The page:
English 46

High Speed Trains

Did you know that Japan has some of the fastest trains in the world? These trains, known as “bullet trains” or Shinkansen often travel1 up to 125 miles per hour, and sometimes even faster. Test runs routinely2 reach nearly 300 miles per hour, and one train reached 361 miles per hour, a world record being set by it.3

The first high-speed train was developed in the 1950s by4 Odakyu Electric Railway in Tokyo in response to passenger demand for increased access to rail travel. Because the old railway lines ran through indirect routes that included mountainous terrain and could not5 be adapted for high-speed travel. It was nevertheless6 necessary to build entirely new, specialized tracks.

Some of the first high-speed trains ran between the Japanese cities of Tokyo and Osaka, where the vast majority of them7 lived. Because of the extreme population density, the cost of building new highways would have been preventatively steep. [8]

Once the high-speed trains were built, they immediately9 gained instantaneous popularity. Today, the Tokyo-Osaka route remains one of the most highest10 traveled in the world, bringing service to nearly 70 million people.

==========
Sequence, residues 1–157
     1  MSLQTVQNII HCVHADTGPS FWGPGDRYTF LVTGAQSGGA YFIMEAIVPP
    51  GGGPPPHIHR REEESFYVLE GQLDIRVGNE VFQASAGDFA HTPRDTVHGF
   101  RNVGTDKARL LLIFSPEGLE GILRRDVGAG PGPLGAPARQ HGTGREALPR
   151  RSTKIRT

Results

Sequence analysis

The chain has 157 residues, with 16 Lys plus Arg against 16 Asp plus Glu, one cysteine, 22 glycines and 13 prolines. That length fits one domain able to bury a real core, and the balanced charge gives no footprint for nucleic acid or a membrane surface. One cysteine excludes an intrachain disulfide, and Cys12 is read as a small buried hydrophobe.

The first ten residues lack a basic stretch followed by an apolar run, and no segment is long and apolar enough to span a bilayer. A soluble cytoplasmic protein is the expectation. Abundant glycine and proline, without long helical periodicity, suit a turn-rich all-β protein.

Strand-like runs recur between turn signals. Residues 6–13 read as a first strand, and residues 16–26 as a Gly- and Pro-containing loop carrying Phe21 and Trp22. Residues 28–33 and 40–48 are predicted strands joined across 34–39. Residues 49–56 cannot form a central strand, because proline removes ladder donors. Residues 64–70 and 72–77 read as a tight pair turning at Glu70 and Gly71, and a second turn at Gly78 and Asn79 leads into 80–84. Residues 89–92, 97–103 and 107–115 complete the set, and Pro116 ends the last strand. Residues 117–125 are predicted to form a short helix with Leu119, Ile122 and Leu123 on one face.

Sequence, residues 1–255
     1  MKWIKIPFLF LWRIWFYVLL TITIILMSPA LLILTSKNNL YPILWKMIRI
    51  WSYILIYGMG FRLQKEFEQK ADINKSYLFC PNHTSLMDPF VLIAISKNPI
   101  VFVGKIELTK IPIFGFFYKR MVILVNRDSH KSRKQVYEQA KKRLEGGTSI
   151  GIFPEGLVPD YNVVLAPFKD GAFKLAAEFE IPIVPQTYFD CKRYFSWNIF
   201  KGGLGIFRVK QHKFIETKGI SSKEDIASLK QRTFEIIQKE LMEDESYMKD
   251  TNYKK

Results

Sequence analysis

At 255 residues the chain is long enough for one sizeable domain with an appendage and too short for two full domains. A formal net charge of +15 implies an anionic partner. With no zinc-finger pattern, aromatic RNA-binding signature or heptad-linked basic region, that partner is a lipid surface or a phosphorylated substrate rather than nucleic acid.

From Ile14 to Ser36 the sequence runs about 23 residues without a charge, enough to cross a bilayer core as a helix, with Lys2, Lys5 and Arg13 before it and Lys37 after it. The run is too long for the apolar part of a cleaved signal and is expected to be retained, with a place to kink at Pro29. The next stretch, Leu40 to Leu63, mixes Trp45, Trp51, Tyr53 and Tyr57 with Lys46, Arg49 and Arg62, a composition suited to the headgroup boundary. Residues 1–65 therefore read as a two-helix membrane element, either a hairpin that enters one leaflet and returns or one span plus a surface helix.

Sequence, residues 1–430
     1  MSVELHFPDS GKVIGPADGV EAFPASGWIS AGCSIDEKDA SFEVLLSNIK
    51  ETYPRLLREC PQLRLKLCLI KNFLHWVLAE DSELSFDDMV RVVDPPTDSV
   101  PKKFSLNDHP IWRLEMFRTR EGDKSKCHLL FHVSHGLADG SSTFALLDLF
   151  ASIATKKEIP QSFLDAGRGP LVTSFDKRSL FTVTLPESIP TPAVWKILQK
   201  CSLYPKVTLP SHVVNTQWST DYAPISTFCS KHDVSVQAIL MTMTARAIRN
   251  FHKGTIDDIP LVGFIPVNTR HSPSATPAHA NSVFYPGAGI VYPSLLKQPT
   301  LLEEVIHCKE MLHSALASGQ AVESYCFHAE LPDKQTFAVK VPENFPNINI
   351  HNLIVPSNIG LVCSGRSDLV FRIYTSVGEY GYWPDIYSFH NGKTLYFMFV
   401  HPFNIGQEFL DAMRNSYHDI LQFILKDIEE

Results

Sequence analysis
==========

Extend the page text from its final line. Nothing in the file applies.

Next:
Although the short-term costs of developing such trains may be high, they have many long-term benefits. While they can only travel at a fraction of the speed of airplanes, they are ideal for short-distance travel. [11]

Moreover, high-speed trains offer an exceptionally comfortable environment that makes travel a pleasure rather than a chore.12 Unlike cars,13 high-speed trains rarely run by14 conventional fuels such as a diesel, but instead are powered primarily by electricity. For countries concerned about the environmental impact of cars, the development of high-speed trains provides15 an ideal solution.